If that seems like a harsh description, keep in mind that numerous people feel the same way. Sharethrough and Nielsen joined forces to conduct one of the first studies on native video advertising and found that native video ads outperformed pre-roll video ads every single time.

    The difference between the two ad types was significant. In one campaign, native video ads garnered an impressive 82.1% brand lift versus a meager 2% from pre-roll ads.

    So why do native video ads work so well? Readers like them because:

    They’re click-to-play videos rather than obtrusive popups or pre-rolls
    Native videos are a choice, not an interruption
    They generally offer non-spammy, interesting information about a brand
    Sometimes they seem like personal recommendations rather than advertisements
    But what about readers who can’t watch video ads because they’re at work, attending an appointment or caring for a napping newborn? Contextual, social and mobile ads are other options for marketers interested in native advertising.


    You’ve probably seen contextual ads before. You can remember their role by thinking about how “contextual” and “content” sound similar. Contextual ads match the topic of a site’s content, creating a relevant marketing experience for visitors. They’re highly targeted ads that deliver information to readers who can benefit from it.

    Let’s say you sell bakeware and cookware. If you place contextual ads, they might appear on sites with cooking tips, recipes or general kitchen how-to articles because these are things that probably interest a large number of your intended consumers. Your ads wouldn’t work contextually on sites for automobiles, power tools or concert tickets because these are not generally going to draw the people that want to buy cookware – at least not while they’re looking at automotive equipment.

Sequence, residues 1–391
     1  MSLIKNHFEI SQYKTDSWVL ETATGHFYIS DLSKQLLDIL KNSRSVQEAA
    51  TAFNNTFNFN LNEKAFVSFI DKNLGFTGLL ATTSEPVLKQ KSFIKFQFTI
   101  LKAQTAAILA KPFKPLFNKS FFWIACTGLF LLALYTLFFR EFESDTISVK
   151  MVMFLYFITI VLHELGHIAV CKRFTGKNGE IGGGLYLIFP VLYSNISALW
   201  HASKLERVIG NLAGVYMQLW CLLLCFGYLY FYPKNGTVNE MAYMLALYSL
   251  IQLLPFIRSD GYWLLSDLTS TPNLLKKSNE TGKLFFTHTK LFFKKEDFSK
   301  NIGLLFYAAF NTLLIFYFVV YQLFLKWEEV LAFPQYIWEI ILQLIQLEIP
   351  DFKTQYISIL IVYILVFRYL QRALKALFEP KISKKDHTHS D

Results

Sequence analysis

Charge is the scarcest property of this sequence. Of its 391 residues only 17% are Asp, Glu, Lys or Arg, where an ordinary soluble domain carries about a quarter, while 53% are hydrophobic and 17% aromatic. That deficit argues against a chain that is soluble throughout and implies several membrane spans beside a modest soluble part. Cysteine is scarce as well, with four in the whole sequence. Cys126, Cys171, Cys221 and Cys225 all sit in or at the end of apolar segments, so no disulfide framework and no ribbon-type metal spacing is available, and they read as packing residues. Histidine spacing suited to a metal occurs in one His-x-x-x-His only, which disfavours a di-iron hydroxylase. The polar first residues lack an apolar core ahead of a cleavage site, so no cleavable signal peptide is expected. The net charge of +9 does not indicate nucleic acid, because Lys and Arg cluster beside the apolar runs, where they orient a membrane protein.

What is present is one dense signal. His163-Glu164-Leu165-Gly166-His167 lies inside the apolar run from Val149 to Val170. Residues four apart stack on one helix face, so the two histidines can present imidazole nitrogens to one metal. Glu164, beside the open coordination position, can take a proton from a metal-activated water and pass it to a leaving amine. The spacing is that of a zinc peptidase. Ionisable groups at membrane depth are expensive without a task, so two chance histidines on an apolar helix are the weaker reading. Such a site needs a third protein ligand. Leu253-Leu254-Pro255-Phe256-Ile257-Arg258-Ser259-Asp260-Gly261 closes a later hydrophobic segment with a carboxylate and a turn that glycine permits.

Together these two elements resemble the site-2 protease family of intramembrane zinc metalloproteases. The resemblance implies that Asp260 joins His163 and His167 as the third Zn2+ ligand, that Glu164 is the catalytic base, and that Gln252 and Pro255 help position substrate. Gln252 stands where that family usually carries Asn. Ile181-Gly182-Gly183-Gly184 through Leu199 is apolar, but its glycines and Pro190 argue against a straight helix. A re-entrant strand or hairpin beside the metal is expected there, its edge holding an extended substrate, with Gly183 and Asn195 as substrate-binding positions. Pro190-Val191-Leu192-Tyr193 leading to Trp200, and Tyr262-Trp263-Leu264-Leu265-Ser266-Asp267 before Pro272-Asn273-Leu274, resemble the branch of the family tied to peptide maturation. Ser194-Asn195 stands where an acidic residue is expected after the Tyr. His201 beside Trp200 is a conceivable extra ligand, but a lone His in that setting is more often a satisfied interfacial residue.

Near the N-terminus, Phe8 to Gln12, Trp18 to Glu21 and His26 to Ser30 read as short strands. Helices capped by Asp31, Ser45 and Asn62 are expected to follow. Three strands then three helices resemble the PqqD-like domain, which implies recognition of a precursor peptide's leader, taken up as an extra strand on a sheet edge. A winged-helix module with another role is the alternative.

If you use Gmail for your emails, you may have noticed contextual ads above your messages. Google isn’t reading your mind; the ads are based on topics from recent messages you’ve sent and received.


    Social native advertising refers to ads mixed in with traditional social media posts. You may see sponsored videos in your Facebook feed, advertisers’ Pins on Pinterest or promotional Tweets on Twitter. Companies typically use social native ads to create brand awareness rather than to sell a particular product, but you can certainly accomplish both of these things.

    If you aren’t active on social media or don’t recall seeing any recent ads, we’ll give you an example. Pretend you’re logged into Facebook, scrolling through your newsfeed. You receive notifications that multiple friends “like” your recent status update about enrolling in college. You continue scrolling through your news feed and see a video for college loans sandwiched between your BFF’s cat pics and updates about your coworkers’ family vacation. The video is a paid advertisement and a form of social native advertising.


    If you’ve read some of our other guides, you may remember that mobile ads are crucial to the success of a digital marketing campaign. With that in mind, it’s probably not surprising that marketers are on track to allocate 63% of their mobile marketing budgets toward mobile native advertising by 2020. In case you’re curious, that’s a combined total of approximately $53 billion.

    A large portion of mobile native advertising is expected to occur in mobile apps rather than social media sites. That means that when you’re busy crushing candy or dodging bad guys, you might have native ads seamlessly integrated into your game. Many mobile apps already utilize native advertising, so odds are high that you’ve already encountered this ad type during a recent smartphone session.